Kill the 9 - 5
The 30-hour work week, the four-day work week, the six-hour day, Sweden is doing this, France is doing that, unlimited PTO is amazing, unlimited PTO doesn’t work, people who wake up early are more productive…I read blog upon blog from those who think they have it all figured out. They profess having dissected how to ensure your employees are at optimal efficiency at all times without the risk of burn out. I’m here with an unpopular opinion – it’s all noise.
Last week I celebrated six years co-owning a search firm in Philadelphia. And in that six years I’ve had many many lessons – chief among them, what schedules make sense, what hours should we all work, and how to keep our team efficient, effective, and ecstatic (myself included). It’s not been an easy task but I’ve certainly learned some valuable lessons along the way…
The previous staffing firms I worked for all maintained very rigid schedules – frankly, I hated it. 8am – 6pm is a long day – it’s a long day because it becomes incredibly difficult to do much else during the work week. I’d leave at 7:15am, get home at 6:45pm (maybe later depending on traffic) and I’d be tired, frustrated, and hungry. By the time I’d get a bite to eat, I lost energy to work-out, I’d have very little quality time with friends and family, and after a few short hours it was time for bed to do it all over again. Home cooked meals were few and far between because…who has time for that when you are getting home at 7pm? My quality of life took a backseat to this schedule.
When we opened the Juno office, we determined a fair schedule was 8:30am – 5pm. And we did not create a culture that ridiculed you if you did in fact leave at 5pm – everyone left at 5pm. I quickly realized that after spending 18 months working from home, I was missing some of the work from home time. Don’t get me wrong, I was ready to go to an office – the collaboration, a place to go every day…I was ready for all of it…but five days a week felt like a bit too much. So, we added a work from home day. On this day, I could get a lot done, but also drop off dry-cleaning, catch a spin class at lunch, do some grocery shopping, get a crock-pot meal started, etc. And I saved time and money on the commute, could stay in my comfortable clothes, and still be incredibly productive. Also – I didn’t have to kill Saturday morning with the aforementioned mundane tasks…bonus!
Then I noticed something else about myself. At 3pm – I go off the rails. I’m done, I’m fried, and I begin to distract everyone around me. However; at 8pm I love to plug back in and often do that until 11pm or midnight. I enjoy putting my kids to bed, grabbing a glass of wine, and catching up on work. In our industry, the work is never done – if you are not sourcing and recruiting, you are prospecting and networking…there is always more to do.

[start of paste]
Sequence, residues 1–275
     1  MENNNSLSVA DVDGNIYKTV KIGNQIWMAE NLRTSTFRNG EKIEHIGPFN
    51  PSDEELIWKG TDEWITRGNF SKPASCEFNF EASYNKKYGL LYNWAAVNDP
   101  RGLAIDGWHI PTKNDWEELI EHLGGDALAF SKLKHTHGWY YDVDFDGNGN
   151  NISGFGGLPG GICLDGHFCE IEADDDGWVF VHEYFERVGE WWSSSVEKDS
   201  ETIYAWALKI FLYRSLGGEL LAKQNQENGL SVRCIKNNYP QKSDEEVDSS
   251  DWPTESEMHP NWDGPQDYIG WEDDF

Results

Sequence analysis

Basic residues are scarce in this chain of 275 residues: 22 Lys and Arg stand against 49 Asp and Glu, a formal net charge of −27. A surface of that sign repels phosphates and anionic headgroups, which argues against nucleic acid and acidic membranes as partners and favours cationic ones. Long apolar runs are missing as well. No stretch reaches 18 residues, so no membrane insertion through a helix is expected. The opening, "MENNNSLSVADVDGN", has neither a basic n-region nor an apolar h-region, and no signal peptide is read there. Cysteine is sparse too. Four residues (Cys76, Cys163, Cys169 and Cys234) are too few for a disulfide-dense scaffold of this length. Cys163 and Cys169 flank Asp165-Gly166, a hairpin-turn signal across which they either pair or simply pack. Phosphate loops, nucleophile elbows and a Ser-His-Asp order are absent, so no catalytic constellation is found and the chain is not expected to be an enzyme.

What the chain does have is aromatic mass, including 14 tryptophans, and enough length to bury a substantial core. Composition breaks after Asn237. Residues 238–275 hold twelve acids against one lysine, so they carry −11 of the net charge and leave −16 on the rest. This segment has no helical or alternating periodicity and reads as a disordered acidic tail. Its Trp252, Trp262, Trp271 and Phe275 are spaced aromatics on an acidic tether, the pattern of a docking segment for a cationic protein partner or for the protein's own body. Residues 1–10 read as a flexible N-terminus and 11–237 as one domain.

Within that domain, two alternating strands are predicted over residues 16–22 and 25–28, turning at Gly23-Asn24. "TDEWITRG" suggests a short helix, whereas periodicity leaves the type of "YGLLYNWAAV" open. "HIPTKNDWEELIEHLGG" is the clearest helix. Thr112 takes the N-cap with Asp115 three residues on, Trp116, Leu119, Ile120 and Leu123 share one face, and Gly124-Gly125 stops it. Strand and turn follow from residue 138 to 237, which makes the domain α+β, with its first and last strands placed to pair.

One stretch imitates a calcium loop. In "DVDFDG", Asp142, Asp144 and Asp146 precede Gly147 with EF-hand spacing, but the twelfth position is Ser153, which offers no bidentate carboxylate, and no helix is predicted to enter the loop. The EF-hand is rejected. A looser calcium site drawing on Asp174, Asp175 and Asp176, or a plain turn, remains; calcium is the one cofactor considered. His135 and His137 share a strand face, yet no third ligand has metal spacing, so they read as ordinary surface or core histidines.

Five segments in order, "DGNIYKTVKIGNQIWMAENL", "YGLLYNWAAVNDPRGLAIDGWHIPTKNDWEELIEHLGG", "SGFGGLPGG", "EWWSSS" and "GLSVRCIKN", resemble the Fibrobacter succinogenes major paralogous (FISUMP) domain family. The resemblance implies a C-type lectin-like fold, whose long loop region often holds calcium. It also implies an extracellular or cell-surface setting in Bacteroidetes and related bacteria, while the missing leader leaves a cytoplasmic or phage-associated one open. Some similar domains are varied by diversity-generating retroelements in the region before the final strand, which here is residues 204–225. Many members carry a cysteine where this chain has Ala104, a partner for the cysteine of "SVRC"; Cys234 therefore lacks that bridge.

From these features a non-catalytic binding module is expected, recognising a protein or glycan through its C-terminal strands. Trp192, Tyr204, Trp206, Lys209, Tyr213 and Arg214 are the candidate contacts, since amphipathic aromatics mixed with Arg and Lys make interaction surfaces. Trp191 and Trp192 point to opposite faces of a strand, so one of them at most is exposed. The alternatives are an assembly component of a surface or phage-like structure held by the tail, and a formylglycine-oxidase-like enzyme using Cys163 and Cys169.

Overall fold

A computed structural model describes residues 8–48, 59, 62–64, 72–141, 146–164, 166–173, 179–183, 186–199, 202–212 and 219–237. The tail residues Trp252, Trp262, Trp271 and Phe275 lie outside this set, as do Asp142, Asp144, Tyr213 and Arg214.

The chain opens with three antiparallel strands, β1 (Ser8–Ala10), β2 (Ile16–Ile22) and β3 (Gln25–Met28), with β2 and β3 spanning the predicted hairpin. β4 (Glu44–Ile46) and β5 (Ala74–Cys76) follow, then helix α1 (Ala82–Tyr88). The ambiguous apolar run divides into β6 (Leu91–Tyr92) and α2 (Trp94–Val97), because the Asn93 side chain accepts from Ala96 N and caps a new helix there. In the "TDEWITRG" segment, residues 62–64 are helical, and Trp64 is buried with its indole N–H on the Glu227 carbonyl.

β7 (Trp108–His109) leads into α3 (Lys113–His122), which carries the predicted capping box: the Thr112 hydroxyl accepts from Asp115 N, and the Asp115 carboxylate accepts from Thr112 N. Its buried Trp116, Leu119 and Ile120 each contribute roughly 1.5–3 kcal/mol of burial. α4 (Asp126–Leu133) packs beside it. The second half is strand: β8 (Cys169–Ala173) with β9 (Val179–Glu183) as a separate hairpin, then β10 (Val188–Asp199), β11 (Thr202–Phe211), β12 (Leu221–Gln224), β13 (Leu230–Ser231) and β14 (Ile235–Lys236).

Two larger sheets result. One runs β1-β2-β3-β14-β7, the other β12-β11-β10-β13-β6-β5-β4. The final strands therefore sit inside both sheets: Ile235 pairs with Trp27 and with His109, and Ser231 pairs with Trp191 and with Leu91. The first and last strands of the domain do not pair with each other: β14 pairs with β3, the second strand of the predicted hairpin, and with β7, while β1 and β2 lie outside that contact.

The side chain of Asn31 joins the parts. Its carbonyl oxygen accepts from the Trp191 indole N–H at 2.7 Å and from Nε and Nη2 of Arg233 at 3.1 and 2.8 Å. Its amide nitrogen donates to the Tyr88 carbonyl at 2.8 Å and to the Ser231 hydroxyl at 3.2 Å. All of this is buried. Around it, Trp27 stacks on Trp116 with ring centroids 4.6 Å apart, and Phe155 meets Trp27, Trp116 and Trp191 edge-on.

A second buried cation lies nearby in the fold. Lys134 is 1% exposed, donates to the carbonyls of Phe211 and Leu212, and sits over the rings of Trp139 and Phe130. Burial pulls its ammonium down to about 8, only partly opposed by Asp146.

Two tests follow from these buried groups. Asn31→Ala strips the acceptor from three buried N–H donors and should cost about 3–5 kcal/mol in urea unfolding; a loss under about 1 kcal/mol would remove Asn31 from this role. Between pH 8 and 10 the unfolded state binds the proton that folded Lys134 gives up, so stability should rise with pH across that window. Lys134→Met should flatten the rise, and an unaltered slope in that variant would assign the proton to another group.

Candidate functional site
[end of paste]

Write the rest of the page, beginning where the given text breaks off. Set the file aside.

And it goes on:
And here is something else I discovered, I’m shot out of a cannon on Mondays. I load up on all of my meetings, networking, and happy hours in the beginning of the week. By Friday, I’ve slowed down and look for extra time with my family.
It’s no surprise that this what I’ve realized about my team – much like me, the peak and dip at different times throughout the day and the week. There is absolutely zero direct correlation between which hours people work as it pertains to their success. We have some folks who never work from home, they hate it. We have some folks who would never miss a chance to work from home. We have some who are always there early and some who like to stay later. Some like to work over lunch, while some need that break desperately. A few of our teammates take lots of vacations and others take very few – if any. It’s taken me years of watching this to come to this conclusion: it actually doesn’t matter.
Recruiting is a very measurable industry. We know who works because they are opening new accounts, have many contractors on payroll, and are always placing new candidates. They are creating opportunities for success everywhere they go. Success is not measured by punching the clock as you are coming and going. Success in recruiting is based on the relationships you make and being able to deliver on what you’ve promised.
Here is where we’ve officially landed. Like anything else at Juno, we (as owners) do not take any perks that we do not extend to our team – we are all equal and my family and time with my family is no more important than our team’s family and family time. I have a week full of hours that work for me – some days that’s 12 hours, some days that’s 6 hours – but I know where I have to be, what I have to do, and how I can be the most productive professional. And I have found balance (most weeks) between my work and my family. And this is what I challenge my team to do – find what works for you and be understanding that it’s not the same for everyone. Worry more about the quality of the work we do. You are not doing me any favors if you sit in the office from 4pm – 5pm looking at Facebook because you feel you can’t leave before 5. Go for a run, go be productive doing something else that will make you better later or the next day…
As a Recruiter I have found that flexibility in the workplace is quickly becoming the largest negotiation point. It used to be money, benefits, and stability – but not anymore. Employees crave balance, they crave autonomy, and they really value being able to create a work week that works for them and their families.
My quick advice in a sentence – get on board with a flexible work environment or watch your employee retention dissipate…